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Stellaria

Do You Name Your Glaze Combinations?

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Not the individual glazes, as most of those already have descriptive names, but do you have individual names for combinations of glazes that work well together consistently?

 

I've started doing this first so I have a pretty name to put in my etsy listings that means more to a customer than the individual glaze names, and second so I have a kind of shorthand to mark pieces with when I'm planning out my glazing. It's way faster to write "marshmallow" than to write "nutmeg lining, stone white dip".

 

Does anyone else do this? Do you have a similar but different shorthand? Any favorites?

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Not the individual glazes, as most of those already have descriptive names, but do you have individual names for combinations of glazes that work well together consistently?

 

I've started doing this first so I have a pretty name to put in my etsy listings that means more to a customer than the individual glaze names, and second so I have a kind of shorthand to mark pieces with when I'm planning out my glazing. It's way faster to write "marshmallow" than to write "nutmeg lining, stone white dip".

 

Does anyone else do this? Do you have a similar but different shorthand? Any favorites?

Here's one from Mary -Jo Bole when we were grad students at Alfred

The Greeney Goopy Gloppy Glaze.

Pretty accurate description.

Tom.

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I do name my combinations, but mostly for my own tracking/inventory sake. I keep a detailed inventory of every first-quality piece that comes out of the kiln. In order to keep track of what I've made, what has sold, what's out at galleries, I update the inventory every week or so, and always before a show or a gallery delivery. To keep the "ITEM" column of my spreadsheet from becoming 6 inches wide, I'll give glaze combos names. Floating Blue over Fake Celadon = Floating Celadon. Rose Red over Calypso = Alligator. Old Yellow over Clear = Cloud.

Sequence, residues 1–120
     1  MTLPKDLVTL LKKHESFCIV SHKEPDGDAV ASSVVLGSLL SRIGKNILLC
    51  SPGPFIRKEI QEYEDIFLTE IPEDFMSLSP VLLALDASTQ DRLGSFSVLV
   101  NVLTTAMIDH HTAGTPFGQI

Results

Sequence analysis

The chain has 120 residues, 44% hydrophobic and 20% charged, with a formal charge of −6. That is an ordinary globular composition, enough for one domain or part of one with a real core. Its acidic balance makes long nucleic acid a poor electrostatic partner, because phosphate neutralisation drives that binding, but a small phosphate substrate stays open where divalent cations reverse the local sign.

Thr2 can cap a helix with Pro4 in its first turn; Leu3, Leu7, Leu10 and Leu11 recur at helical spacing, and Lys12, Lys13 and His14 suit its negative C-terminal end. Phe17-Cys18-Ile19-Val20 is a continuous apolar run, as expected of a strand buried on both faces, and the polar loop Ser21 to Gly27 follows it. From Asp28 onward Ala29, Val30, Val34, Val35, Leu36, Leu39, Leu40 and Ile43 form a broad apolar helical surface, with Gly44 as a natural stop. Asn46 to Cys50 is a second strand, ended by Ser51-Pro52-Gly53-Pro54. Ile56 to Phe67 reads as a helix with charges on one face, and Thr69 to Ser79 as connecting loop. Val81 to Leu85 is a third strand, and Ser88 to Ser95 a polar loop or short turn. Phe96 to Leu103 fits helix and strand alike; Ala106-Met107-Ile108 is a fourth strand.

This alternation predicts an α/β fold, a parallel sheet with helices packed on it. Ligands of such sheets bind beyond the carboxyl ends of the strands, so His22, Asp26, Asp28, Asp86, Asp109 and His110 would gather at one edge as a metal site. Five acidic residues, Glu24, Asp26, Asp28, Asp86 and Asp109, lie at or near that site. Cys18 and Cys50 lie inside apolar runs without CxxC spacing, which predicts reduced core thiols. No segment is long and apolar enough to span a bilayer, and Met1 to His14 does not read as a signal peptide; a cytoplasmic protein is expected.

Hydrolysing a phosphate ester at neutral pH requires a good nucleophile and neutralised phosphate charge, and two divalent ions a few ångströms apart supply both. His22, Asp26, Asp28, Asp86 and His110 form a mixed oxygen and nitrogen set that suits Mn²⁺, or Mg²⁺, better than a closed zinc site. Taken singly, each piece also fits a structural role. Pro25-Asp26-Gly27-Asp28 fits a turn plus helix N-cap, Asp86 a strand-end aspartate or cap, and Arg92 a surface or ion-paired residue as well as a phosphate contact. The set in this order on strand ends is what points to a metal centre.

I'll also name glaze styles/processes/more involved combinations. IE: I make pieces that I'll glaze all over in my "Cloud" combo, then dip the rim in a blue glaze for some contrasting drippy action. I first made a set of mugs in this style for my friend Elise, so rather than naming the colorway "Old Yellow over Clear with Calypso rim dip," I just name pieces "Elise's Mug" or "Elise's Cereal Bowl," etc.

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I've got one I originally called Rashmi - named after the colleague for whom I made the pencil pot, (when I worked at a desk !)  It's ......  oooohooohh brain's gone empty..... white over heritage? silver   -  but have since renamed quatermass - see the square pot

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Haha yes!  We totally do this in my studio.  The first favorite glaze combo we made was "artsy glaze number 5" (5 being completely arbitrarily chosen).  And now any glaze combo involving Amaco's Oatmeal is "Artsy glaze #___".  We've also got "Galaxy" and "Alien cat" (long story...)

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I name all my glazes, that is one of the best bits about designing a glaze.

 

Currently I have Teapot blue, Apple white and an unnamed iron rich glaze.

 

The teapot blue came from the pan-tone colour that I could best match with the blue and it was called teapot blue :D Apple white is because the white very much reminded me of the old white Apple use to use on their computers/ipods.

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As a result of some triaxial glaze testing, I have a couple of containers with combinations of pre-mixed glazes.  I do have names for them, but for safety's sake I include the percentages of each glaze on the label.  My favorite is Saint Charlie Woo... a combination of St. John's Black, Charlie B. White, and Woo's Blue.

 

It is a whole different story on how (poorly) I manage to track the glazing combinations when I am applying them to a piece...I may actually do a good job of writing things down, but I am terrible at remembering to match things back up once they are out of the kiln.  Gee, I feel so much better having confessed that (NOT). :wacko:

 

-Paul

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